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Mother Nature was not kind to much of the Midsouth this spring, resulting in flooding situations unlike any most have seen in years. Some will be unable to salvage a growing season this year. For others who may have been able to save already-planted fields, or those who have found themselves in a replanting situation, post-flood weed control will be an issue.

It’s important to remember floods can affect weeds the year they occur, but also in subsequent years. The biggest impact in the flood year will be the reduced competitive ability of the crop. Weeds will often take advantage of the stunted or killed crops and grow to maturity. In the year after a flood, new weed problems will be likely. But, some of the weeds carried into the field by floodwaters may not have germinated in time to have been noticed and will become a factor in the next growing season. You would be wise to consider both mechanical and chemical methods to manage weeds during the first year and thereafter. A bioassay test—in which seeds are planted in flooded and non-flooded soil samples—can be helpful to determine if soils are safe for intended crops.

If the Crop Recovers

If the crop recovers after the flood, make an effort to reduce the impact of weed competition. This may not be practical if fields are too wet to enter for mechanical or chemical weeding.

Check fields regularly to monitor crop and weed development. Take note of weed species. Are there any new species? This may happen if weed seeds were carried into the field by floodwater. Make a field map of these weed locations and use it to plan next year’s weed management program.

Consider whether herbicides can be safely applied. Most labels clearly specify the maximum growth stage of the crop at which the product can be used. Applications following a mid-season flood are very likely beyond this “window” of application timing. Most labels also caution against using herbicides if the crop is under any stress. Thus, the feasibility of herbicide use the same year as a flood occurs is limited.

When Crops Are Damaged

Flooding may injure a crop so severely that it will not be worth harvesting. If this is the case, try to prevent weeds from going to seed through the use of mowing, tillage or chemical application.

As mentioned above, take note of any new weed species that are present. Make a field map of the weeds to plan next year’s weed control program. Mowing will allow some weeds to survive but may hasten drying of the soil more than using herbicides. Mowing is also an option if the soil is too wet to be tilled. Mechanically tilling the soil, if it is dry enough, will destroy weeds. It will also aerate the soil more than either mowing or spraying. Applying non-selective, non-residual herbicides may be a good option if the soil is too wet to work mechanically.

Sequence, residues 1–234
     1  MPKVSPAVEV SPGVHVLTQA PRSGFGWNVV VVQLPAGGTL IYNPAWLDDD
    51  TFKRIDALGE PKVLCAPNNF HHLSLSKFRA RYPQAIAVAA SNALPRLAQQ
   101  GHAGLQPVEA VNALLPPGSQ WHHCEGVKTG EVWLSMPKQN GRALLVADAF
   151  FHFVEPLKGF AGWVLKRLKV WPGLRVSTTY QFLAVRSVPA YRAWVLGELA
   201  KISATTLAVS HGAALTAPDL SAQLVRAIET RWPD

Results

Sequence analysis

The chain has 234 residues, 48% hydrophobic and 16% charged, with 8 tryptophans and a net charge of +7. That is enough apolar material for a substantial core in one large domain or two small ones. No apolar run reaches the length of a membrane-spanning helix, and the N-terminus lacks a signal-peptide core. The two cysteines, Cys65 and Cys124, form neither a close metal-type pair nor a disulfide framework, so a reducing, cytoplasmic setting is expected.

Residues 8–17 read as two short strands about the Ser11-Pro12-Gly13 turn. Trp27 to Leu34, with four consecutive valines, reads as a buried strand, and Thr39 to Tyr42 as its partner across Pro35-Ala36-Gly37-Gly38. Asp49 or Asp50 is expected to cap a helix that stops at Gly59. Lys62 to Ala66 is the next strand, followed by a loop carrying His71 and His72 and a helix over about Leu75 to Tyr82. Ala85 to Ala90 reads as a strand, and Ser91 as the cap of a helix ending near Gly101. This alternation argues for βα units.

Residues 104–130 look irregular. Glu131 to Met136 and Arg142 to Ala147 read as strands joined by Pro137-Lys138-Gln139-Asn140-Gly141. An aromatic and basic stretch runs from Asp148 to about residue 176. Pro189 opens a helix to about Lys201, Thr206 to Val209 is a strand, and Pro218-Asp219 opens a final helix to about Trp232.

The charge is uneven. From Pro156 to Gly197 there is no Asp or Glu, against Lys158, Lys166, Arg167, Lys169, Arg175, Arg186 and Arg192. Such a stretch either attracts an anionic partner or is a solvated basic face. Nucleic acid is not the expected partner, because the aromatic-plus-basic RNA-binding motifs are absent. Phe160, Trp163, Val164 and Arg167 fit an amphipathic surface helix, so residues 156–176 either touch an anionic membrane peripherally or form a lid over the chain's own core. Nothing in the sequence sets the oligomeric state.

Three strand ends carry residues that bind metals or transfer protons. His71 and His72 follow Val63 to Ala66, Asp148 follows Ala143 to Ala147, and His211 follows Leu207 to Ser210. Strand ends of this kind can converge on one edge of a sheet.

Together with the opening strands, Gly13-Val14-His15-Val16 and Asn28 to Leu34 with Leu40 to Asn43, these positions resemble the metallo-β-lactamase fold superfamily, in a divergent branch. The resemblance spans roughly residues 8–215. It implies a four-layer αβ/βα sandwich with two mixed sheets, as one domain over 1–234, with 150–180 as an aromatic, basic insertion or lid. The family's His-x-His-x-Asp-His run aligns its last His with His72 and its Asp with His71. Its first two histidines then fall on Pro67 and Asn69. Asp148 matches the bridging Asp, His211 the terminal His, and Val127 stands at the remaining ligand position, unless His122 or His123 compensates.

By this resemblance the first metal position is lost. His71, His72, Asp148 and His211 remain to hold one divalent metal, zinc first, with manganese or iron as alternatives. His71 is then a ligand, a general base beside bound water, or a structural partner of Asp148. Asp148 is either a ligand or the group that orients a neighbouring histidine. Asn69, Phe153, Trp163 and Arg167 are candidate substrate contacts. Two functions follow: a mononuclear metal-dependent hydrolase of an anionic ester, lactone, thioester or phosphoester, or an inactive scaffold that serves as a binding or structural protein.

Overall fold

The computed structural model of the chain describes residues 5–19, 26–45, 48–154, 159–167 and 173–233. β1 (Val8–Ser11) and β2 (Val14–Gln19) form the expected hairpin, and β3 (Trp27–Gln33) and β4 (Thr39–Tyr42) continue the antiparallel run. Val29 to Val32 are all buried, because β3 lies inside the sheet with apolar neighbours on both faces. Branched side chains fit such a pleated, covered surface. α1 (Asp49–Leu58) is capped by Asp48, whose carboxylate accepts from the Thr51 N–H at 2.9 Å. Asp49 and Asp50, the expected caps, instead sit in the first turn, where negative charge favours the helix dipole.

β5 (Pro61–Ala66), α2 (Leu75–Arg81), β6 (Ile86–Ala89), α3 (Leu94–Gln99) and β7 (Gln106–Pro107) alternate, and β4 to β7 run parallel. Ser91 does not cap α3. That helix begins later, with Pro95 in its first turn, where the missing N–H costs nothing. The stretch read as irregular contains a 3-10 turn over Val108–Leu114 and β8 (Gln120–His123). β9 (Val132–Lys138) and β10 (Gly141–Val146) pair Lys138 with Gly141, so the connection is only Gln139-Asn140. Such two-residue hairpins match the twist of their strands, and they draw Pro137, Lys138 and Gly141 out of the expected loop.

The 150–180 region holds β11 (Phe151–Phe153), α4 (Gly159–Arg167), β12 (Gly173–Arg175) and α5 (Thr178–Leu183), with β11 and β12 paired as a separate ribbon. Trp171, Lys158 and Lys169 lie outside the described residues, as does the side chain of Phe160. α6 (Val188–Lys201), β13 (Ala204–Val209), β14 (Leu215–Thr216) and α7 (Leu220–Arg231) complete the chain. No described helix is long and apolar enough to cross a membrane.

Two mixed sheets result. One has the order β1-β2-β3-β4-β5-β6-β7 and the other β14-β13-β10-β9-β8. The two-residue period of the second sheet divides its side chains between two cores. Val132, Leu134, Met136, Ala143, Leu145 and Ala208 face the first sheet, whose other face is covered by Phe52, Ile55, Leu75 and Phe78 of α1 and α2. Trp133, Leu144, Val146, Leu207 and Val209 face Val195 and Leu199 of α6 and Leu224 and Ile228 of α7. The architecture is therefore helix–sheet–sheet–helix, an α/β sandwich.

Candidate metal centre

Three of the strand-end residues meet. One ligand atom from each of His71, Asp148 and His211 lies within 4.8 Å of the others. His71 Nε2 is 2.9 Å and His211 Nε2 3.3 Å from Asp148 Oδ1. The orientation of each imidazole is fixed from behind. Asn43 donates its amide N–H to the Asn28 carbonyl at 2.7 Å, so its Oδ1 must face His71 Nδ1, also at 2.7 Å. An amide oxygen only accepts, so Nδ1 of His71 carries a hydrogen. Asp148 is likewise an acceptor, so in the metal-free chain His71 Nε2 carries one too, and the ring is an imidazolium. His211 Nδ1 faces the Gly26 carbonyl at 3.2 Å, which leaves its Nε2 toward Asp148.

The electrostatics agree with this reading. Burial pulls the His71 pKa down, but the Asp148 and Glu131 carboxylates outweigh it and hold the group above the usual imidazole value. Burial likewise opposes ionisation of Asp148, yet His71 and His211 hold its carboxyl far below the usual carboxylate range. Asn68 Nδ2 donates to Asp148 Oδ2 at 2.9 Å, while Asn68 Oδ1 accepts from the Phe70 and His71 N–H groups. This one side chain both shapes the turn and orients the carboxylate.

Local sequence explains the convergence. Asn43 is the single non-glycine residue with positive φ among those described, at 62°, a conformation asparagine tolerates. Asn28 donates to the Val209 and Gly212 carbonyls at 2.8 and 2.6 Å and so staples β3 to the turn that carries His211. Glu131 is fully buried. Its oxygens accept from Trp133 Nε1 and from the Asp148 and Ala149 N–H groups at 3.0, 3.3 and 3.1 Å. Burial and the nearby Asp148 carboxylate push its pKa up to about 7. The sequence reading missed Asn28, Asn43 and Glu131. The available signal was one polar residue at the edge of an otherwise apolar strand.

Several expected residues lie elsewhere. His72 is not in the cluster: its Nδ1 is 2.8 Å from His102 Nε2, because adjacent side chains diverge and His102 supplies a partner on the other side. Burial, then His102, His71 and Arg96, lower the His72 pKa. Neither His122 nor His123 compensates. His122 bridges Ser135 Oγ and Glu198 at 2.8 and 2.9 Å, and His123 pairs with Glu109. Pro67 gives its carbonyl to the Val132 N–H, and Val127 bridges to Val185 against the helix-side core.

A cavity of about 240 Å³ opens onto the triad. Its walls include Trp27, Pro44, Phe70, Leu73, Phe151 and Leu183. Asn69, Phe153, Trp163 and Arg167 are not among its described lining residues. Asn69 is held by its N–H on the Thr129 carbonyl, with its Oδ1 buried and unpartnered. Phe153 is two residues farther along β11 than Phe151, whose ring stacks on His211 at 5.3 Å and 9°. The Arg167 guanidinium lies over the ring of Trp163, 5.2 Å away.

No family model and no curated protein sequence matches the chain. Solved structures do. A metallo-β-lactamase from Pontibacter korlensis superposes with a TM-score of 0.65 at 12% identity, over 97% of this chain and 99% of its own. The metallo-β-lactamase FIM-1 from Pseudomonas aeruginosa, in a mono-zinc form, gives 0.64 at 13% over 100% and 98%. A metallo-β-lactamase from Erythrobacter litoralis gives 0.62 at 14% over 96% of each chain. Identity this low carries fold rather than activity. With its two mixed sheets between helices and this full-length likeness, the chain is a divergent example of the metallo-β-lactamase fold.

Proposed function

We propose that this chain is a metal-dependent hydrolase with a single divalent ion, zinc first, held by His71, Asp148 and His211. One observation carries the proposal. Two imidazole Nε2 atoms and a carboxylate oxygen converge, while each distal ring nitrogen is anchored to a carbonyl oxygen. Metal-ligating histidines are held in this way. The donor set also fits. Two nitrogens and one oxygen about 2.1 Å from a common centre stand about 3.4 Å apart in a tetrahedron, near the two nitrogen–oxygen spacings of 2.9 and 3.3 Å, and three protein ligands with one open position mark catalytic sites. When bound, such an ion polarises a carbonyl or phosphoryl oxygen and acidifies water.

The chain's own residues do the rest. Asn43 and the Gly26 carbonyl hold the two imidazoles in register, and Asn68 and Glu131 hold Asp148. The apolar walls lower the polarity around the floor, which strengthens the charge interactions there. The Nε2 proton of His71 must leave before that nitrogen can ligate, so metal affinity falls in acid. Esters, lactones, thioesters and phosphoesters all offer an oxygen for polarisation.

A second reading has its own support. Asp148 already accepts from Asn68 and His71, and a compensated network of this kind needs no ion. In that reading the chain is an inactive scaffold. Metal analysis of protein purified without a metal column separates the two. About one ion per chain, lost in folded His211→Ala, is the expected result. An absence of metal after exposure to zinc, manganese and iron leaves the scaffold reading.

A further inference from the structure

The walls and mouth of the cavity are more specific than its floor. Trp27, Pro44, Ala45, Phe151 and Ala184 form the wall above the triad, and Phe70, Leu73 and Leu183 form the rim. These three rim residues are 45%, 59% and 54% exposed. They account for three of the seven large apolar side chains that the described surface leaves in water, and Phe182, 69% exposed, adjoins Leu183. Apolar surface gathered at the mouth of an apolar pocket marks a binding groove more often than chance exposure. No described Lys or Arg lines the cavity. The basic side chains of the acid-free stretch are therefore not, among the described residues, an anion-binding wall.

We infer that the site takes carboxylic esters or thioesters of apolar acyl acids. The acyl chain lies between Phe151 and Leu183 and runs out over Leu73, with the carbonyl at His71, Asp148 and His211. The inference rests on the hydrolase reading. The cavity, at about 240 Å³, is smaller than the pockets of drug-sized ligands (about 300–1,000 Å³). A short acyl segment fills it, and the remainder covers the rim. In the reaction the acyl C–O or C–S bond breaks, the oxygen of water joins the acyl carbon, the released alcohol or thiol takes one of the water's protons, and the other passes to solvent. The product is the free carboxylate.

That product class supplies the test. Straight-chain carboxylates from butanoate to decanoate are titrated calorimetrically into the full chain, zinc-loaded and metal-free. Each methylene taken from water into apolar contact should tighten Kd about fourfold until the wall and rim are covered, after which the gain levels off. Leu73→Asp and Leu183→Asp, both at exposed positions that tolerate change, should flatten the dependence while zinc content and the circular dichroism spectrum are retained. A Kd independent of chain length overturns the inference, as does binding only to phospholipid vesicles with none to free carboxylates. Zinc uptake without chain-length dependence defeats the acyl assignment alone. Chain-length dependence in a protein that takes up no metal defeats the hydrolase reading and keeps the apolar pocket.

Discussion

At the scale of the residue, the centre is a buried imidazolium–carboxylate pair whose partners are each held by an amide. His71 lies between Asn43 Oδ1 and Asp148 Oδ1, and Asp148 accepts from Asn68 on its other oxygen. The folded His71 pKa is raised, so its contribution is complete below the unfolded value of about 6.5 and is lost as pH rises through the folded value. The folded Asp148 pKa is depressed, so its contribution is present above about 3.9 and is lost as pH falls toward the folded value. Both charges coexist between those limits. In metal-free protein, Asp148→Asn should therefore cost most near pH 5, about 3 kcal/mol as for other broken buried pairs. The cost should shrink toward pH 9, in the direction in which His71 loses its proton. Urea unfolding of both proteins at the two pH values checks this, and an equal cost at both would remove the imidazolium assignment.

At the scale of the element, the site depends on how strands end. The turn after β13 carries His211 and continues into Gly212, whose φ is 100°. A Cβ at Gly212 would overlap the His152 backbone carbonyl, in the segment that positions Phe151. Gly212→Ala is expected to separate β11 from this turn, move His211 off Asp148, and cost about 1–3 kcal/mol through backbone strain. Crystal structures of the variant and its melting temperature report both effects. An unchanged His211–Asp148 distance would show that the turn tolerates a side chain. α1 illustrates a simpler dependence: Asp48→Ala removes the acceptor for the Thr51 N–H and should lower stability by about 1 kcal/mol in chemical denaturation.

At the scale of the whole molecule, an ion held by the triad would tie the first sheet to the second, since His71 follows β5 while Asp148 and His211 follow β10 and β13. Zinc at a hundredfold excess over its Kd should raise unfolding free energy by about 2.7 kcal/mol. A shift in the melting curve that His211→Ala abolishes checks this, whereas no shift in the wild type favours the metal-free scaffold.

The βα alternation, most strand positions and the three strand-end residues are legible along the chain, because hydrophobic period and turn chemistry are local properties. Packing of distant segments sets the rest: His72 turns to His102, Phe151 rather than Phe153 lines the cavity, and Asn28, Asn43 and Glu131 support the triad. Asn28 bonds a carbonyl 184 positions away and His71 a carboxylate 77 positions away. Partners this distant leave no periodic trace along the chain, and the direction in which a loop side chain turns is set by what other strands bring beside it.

Repeat either mowing, tillage or chemical application if another generation of weeds emerges that will have time to produce seed.

Final Decisions

Should you allow even more time than product labels specify before planting rotation crops? Consider whether floodwaters brought in untreated soil from other fields. Also consider whether runoff removed a significant part of the applied product. When in doubt, use the bioassay test described below or send a soil sample to a commercial lab for chemical analysis.

In some cases it may be appropriate to allow an extra week or two beyond the normal plant-back interval and to deep-till the field to dilute any remaining residues. Once the field has been planted, monitor it carefully for possible weed problems. If weed densities approach the economic threshold, use the appropriate mechanical or chemical measures to control them.

The Year after the Flood

Be alert for new weed problems the year following the flood. Some weeds may have germinated after you made an assessment of weeds during the flood year. Others may have remained dormant until this season. The flood may also have deposited soil that is different in texture, pH and organic matter content. These factors may influence herbicide performance and crop safety. Take soil samples and base herbicide selection and rates on current soil characteristics.

The best burn-down for replanting corn now is Gramoxone plus atrazine. You need the photosystem 2 inhibitor in the Gramoxone or it will just provide a flash burn and re-growth will occur. If a field where corn is lost will be planted back to soybeans, the grass herbicides can be options for killing remaining corn, but Gramoxone plus metribuzin is a much better all-around treatment.

In fields where any crop is going to be kept, add more residual herbicide. Residual activity will diminish quickly with the heavy rains or temporary flooding. Regardless of how clean they may appear, extending your residual window is a good move.

We are into ‘throw the book out weed control’ and with good moisture, wet fields, high temperatures and failing residuals, pigweeds will have a field day. You must find a way to achieve timely application with your postemergence herbicides where at all possible.

The key to weed management now is going to be planting a soybean field in which you are confident you can control weeds in postemergence. For most that means LibertyLink or Roundup Xtend. The primary difference between the two technologies is choice of herbicide. There are high-yielding varieties available in both technologies. Note: If you are choosing to plant Xtend, make sure you can get the dicamba sprayed.